In his June 12 op-ed column “Data leader wrongly thinks he did right,” David L. Brooks said that Edward Snowden “betrayed the Constitution … [and] self-indulgently short-circuited the democratic structures of accountability.” What is Mr. Brooks talking about?
Mr. Snowden exposed a surveillance state built on secret courts, secret executive orders, and secret interpretations of law — a system that circumvents any accountability to the people and one that runs contrary to the principles of our Constitution.
Mr. Snowden deserves praise for his faithfulness to the Constitution and his bravery.
2 traitors need to be punished
First it was Bradley Manning and now Edward Snowden offering excuses for their sanctimonious acts of leaking classified information. This is nothing less than treason and espionage.
In the case of Private Manning, he betrayed and endangered his fellow soldiers.
Mr. Snowden has managed to warn terrorists that they need to find a more secure way to plan their attacks on our citizens.
While the death penalty does not seem to do much to deter murderers, perhaps executing these two traitors will give pause to others contemplating similar treachery.
New citizens must enter by the rules
Your June 11 article “Ceremony is game-changer for 28 new citizens; Immigrants embark on shared future” brings to mind the current debate on immigration. I applaud those who followed the rules and earned their citizenship.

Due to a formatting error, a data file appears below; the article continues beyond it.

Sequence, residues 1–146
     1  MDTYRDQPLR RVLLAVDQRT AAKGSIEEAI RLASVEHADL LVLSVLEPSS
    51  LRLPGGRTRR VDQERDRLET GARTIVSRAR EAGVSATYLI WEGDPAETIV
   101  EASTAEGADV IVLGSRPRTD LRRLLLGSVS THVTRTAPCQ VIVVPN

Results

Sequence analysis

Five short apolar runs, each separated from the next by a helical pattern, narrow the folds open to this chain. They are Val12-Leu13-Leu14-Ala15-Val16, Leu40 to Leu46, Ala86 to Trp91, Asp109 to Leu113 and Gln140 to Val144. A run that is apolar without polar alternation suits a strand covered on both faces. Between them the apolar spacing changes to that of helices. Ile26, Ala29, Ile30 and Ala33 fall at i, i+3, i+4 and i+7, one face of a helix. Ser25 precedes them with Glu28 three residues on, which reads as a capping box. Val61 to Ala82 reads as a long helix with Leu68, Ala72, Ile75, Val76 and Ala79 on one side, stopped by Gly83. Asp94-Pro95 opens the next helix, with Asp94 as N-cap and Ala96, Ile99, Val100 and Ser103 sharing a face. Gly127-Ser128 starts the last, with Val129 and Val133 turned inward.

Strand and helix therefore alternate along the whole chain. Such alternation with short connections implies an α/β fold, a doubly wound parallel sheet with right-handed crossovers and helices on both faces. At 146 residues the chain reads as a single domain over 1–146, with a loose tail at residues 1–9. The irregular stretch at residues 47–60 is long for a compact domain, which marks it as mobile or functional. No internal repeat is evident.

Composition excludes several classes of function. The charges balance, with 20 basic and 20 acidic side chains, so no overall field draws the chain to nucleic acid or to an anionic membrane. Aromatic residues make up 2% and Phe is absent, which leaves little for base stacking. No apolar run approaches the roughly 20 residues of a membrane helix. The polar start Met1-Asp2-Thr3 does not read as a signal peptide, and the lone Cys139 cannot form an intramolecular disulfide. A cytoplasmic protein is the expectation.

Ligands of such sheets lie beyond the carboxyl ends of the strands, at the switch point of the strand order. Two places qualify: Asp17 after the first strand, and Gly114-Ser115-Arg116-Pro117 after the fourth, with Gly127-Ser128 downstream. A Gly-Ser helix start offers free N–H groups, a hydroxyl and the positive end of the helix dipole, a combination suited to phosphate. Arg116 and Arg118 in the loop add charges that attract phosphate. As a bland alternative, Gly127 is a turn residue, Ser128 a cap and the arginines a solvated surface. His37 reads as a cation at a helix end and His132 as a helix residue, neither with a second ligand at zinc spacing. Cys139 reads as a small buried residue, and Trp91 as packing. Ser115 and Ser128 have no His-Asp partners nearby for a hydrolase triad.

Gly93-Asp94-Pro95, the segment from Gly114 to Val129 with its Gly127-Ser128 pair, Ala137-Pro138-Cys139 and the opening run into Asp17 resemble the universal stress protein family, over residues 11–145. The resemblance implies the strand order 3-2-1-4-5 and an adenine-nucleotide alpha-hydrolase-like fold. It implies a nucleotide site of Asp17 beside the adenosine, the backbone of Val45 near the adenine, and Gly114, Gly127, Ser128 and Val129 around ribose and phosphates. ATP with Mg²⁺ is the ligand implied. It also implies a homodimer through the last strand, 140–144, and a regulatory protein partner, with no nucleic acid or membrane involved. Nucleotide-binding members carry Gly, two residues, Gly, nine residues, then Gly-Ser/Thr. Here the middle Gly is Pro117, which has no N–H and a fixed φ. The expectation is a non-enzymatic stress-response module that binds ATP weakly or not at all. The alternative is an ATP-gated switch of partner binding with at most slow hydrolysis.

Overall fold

The immigrants I know and am aware of are decent, hard-working people. And they are welcome here.
I have the naturalization papers in which my great-great-grandfather renounced the Kaiser of Germany.
But I can’t abide the granting of a path to citizenship for those who are here illegally. Permanent residency is fine, but not the right to vote. That is really not that much of a slap on the wrist.
Large companies want cheap and compliant labor. Politicians want to curry favor with some groups for votes. This issue is political.
Enforcing of laws seems haphazard
What frightens me more than anything with current immigration policy and the Internal Revenue Service issue is government’s ability to decide which laws it will enforce and against whom it will enforce these laws.
President Obama took an oath to uphold the Constitution. If he cannot do his sworn duty, he needs to step down.
Likewise, members of Congress must make our laws enforceable and equally applicable. If a law does not meet those standards it is the Supreme Court’s duty to strike it down.
Unless all branches of government work in harmony to this end, we will never be equal under the law — which is the point of our form of government.
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